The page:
Be thankful in all circumstances, for this is God’s will for you who belong to Christ Jesus. [1 Thessalonians 5: 18 (NLT)]
With his words, the Apostle Paul doesn’t give us any exceptions—we are to give thanks in all circumstance (rather than some or most and certainly not just in the ones we like)! Right now, however, I’m not feeling particularly thankful. In the span of a week’s time, two dear friends died—men that were like brothers to us. Distance and COVID meant that we couldn’t even grieve in person with their families. As I sit here tearfully, I realize that in the past eighteen months a dozen people who were important parts of our lives are no longer with us. Grief weighs heavy on my heart. When I consider my prayer list and the people on it who are struggling with the devastating aftereffects of a stroke or suffering from cancer, Parkinson’s, chronic pain, dementia, and heart failure, I realize that number will soon grow. I want to stomp my feet and shout at God that it’s not fair and ask Him how He expects me to give thanks!
As a Christian, I know I should be in a permanent state of thanksgiving for God’s grace in my salvation and I am thankful for that. It’s things like the suffering and loss in life that pose the problem for me. I should be reassured by the words of Romans 8:28 that, “We know that God causes everything to work together for the good of those who love God and are called according to his purpose for them.” In theory, I know that even in the worst of circumstances, God can take a bad thing and make it work for a good purpose. I know He is in full control of all of life’s happenings and that He can put all of those horrible events together to achieve a beautiful God-designed purpose. Nevertheless, that knowledge is of little comfort to those who mourn. Finding comfort in Paul’s words is a great deal harder than repeating them.
That David could say he was “worn out from sobbing” and his vision was “blurred from grief,” [Psalm 6:7-6] tells me that neither grief nor calling out to God in sorrow means a loss of faith; sorrow is an unavoidable part of life. One thing that frequently keeps us from giving thanks in our grief is that pesky question of “why?” I’ve written enough about Job to know that I have no business asking why and that I’ll never know the answer. Yet, even knowing God’s reasons wouldn’t take away the sense of loss or make the grief disappear.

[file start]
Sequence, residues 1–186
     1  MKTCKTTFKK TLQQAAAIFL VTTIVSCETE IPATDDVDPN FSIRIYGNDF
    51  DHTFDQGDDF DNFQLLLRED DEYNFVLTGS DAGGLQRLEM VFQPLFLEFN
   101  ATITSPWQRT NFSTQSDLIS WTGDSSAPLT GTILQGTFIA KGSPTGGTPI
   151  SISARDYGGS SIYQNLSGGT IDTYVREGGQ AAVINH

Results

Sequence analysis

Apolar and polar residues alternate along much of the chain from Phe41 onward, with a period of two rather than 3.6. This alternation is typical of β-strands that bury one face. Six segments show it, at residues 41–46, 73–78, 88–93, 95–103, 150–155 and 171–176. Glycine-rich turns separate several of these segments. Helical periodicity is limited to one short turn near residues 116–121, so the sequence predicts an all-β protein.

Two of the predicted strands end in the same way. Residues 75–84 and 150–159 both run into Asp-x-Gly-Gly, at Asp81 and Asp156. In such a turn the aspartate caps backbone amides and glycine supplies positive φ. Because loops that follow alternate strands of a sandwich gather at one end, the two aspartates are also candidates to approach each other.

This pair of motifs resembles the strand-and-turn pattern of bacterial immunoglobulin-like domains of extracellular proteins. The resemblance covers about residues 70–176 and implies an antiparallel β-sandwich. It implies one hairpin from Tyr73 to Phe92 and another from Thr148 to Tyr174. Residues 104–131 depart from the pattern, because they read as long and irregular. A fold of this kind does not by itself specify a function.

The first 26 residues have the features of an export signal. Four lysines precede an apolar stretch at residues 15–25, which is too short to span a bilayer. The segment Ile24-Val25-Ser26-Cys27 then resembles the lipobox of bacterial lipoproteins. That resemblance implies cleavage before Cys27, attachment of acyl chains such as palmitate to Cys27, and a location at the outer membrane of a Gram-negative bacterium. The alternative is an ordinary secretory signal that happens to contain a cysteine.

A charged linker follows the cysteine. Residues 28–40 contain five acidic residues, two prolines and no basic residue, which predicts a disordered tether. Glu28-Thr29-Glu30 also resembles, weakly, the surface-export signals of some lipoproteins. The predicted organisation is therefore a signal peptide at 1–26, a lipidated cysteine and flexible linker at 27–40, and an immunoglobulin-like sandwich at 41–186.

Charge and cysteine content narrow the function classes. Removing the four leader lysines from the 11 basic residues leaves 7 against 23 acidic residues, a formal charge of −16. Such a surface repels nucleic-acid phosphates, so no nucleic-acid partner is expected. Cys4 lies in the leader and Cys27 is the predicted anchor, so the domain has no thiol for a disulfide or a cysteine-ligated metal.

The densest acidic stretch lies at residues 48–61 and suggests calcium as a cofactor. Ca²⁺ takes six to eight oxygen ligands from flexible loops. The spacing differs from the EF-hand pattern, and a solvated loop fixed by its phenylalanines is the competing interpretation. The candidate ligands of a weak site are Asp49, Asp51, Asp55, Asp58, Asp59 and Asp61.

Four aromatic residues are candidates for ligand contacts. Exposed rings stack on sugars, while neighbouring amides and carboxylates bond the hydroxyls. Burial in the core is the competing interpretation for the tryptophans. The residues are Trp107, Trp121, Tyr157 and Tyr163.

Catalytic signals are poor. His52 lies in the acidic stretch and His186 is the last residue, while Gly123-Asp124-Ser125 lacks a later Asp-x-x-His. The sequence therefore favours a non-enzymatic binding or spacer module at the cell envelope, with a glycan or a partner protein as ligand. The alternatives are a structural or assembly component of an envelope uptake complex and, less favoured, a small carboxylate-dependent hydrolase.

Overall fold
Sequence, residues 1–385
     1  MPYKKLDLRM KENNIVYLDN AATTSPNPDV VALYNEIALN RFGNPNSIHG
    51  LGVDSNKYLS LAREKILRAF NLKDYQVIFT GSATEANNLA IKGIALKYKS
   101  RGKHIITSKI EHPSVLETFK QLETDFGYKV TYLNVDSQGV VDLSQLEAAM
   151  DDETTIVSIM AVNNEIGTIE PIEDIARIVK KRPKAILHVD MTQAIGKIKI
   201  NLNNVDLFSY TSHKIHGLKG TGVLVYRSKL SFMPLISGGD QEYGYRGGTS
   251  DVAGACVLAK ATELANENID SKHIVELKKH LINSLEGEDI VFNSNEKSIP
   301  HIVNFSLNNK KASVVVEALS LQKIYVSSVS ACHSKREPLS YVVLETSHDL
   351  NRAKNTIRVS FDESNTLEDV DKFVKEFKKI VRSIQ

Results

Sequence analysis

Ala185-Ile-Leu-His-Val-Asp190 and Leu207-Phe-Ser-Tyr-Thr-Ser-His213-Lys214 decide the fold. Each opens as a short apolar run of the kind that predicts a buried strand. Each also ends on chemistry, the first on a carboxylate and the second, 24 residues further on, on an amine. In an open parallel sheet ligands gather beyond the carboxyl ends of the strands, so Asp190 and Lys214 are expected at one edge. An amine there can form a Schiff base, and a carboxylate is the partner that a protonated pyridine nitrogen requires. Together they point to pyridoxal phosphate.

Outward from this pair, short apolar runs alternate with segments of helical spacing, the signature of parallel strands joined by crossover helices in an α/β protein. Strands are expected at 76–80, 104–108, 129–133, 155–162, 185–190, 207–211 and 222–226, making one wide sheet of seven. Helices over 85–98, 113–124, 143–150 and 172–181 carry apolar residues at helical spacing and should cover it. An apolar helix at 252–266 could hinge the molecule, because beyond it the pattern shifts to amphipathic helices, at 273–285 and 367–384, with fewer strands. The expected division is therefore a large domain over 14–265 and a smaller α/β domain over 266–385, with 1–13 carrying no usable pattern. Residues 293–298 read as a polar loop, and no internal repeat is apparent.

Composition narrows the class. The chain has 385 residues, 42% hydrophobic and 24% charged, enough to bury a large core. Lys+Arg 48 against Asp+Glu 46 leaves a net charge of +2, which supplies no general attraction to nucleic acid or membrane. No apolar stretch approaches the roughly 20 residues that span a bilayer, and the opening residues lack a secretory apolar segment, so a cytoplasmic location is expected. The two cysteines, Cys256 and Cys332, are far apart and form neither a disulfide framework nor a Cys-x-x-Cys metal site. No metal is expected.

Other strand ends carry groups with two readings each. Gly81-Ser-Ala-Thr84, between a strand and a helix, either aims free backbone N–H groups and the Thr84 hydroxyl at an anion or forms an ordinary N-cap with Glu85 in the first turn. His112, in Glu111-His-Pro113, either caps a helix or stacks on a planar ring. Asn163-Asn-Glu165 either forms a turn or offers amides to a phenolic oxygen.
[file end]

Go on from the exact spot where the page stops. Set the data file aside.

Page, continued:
Where do we find the ability to give thanks? Perhaps by looking more closely at the Apostle’s words. Paul tells us to be thankful in everything not for everything. While there’s a fine line between the two, we don’t have to be thankful for things like heart attacks, strokes, car accidents, COVID, or cancer but we do need to have a grateful heart in the midst of those afflictions.
Giving thanks in all circumstances requires a change of heart. Without that change, we might stop crying, start smiling, and even laugh at times but something sour will begin growing in our hearts—bitterness, anger, resentment, or self-pity. Giving thanks is the only way out of the pit of grief; yet it seems impossible until I remember the simple truth that God is good. Regardless of the circumstances, He remains the same loving, wise, and good God that He always has been.
Pauls’ admonition to give thanks in all circumstances follows two other directives—to rejoice always and to pray continually. In prayer, I asked the Spirit for guidance, strength and peace and then listed the names of those for whom I mourn. Thinking of each one by name, I rejoiced in the privilege of having those beautiful people in my life—to have talked, worked, agreed, and disagreed with them—to have touched and been touched by them—to have both taught and learned from them—to have shared good times and bad, gain and loss, secrets, sorrow, and laughter with them—to have loved and been loved by them. As I thanked God for the blessing of bringing each and every one them into my life, I found that I am, indeed, thankful in even this circumstance!